New Delhi: After the Covid-19 pandemic pushed all schools to shut their daily functions, poor students were left in the lurch and unattended to—they had no smartphones to continue their daily classes online. In the past two years, examinations were held online, so poor students couldn’t keep up with their studies due to the pandemic-induced disruption and couldn’t connect online as they had no means to access the internet.

Izharun Rashid, a street vendor at Delhi’s Meena Bazaar, said: “There seems to be very little hope in the education of our kids. My children are studying, but I don’t know which class they are in, they couldn’t attend any examinations since the lockdown last year as they had no smartphone; among all the struggles of life, the struggle of poverty is the most unbearable.”

“Now that it has been two years, my kids don’t know which class they should be in as all the examinations were conducted online and they had no resources to switch to the online mode. Thus, neither could they access study materials shared on WhatsApp nor did they have smartphones to attend examinations,” Rashid said.

Mohammad Asif, a rickshaw-walla, said: “We are poor, we don’t have any savings. All we have is a rickshaw and a shelter. When we cannot even think of possessions, buying a smartphone is a distant dream. It is sad that my children cannot have a  basic schooling just because we are poor. I earn Rs 250 a day and pay Rs 70 to rent the rickshaw; the remaining I spend on food. Food is only what we poor people think of. I can save money only until I am hungry, then, I must buy food which leaves no extra money to buy a smartphone.”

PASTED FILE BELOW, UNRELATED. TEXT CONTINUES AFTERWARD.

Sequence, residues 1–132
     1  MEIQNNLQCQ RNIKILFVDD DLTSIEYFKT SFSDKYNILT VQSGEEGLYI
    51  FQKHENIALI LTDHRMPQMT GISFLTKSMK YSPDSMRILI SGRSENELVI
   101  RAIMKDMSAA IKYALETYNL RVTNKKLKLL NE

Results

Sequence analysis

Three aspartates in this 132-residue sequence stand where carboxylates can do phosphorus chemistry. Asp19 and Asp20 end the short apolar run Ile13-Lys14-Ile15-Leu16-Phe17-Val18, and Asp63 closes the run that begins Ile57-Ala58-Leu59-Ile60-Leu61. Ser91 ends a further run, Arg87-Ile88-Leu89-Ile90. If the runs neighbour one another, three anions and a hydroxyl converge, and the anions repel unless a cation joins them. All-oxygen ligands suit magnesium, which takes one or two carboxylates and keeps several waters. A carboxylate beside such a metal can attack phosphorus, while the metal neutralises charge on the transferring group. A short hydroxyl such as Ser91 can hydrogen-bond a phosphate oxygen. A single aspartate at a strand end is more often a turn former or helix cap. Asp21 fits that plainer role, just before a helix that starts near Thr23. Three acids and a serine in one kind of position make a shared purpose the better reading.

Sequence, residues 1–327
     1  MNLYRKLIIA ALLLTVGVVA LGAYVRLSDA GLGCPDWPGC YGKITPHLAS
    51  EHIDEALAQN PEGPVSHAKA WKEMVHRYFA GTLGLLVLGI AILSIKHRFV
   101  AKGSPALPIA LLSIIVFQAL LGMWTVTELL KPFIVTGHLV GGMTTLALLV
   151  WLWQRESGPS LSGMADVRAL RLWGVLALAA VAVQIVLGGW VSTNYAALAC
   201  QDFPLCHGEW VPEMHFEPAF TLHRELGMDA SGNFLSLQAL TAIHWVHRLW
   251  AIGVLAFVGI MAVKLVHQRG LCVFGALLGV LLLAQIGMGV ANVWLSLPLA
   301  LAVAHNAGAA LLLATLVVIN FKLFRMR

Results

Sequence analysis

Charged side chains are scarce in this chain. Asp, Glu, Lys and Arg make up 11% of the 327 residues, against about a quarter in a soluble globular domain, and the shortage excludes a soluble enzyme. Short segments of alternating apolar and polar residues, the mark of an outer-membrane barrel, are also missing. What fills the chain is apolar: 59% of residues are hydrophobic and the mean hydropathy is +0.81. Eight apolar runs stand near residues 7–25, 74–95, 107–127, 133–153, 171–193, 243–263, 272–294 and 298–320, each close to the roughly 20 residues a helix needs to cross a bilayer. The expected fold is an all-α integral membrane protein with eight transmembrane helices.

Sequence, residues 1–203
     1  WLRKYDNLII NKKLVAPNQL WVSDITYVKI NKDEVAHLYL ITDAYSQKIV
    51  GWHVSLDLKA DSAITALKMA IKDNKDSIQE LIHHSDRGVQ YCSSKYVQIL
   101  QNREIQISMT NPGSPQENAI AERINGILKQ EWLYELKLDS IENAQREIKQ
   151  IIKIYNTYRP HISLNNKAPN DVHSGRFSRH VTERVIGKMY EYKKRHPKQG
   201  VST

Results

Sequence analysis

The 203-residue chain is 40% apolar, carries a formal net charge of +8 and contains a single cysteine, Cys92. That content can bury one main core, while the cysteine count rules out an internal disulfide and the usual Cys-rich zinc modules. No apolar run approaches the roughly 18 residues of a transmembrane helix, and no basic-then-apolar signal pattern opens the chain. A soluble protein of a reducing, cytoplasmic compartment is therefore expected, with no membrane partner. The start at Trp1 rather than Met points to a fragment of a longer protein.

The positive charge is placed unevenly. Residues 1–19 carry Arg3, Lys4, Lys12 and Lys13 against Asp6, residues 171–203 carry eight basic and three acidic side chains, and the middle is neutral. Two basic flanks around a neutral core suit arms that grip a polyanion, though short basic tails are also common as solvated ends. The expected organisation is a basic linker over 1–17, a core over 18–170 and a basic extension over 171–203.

Lalan, another street vendor at Meena Bazaar, said: “Our earnings are not even half of what it used to be before Covid-19. Recently, I managed some money and got a second-hand smartphone, but just after three days, it stopped working. Today, everyone needs a smartphone to work, but I cannot buy it for everyone in my family. I hardly managed to buy a smartphone but that too stopped working. A smartphone could have helped my children spend time studying, but they are still where they were two years ago. There is no growth for them.”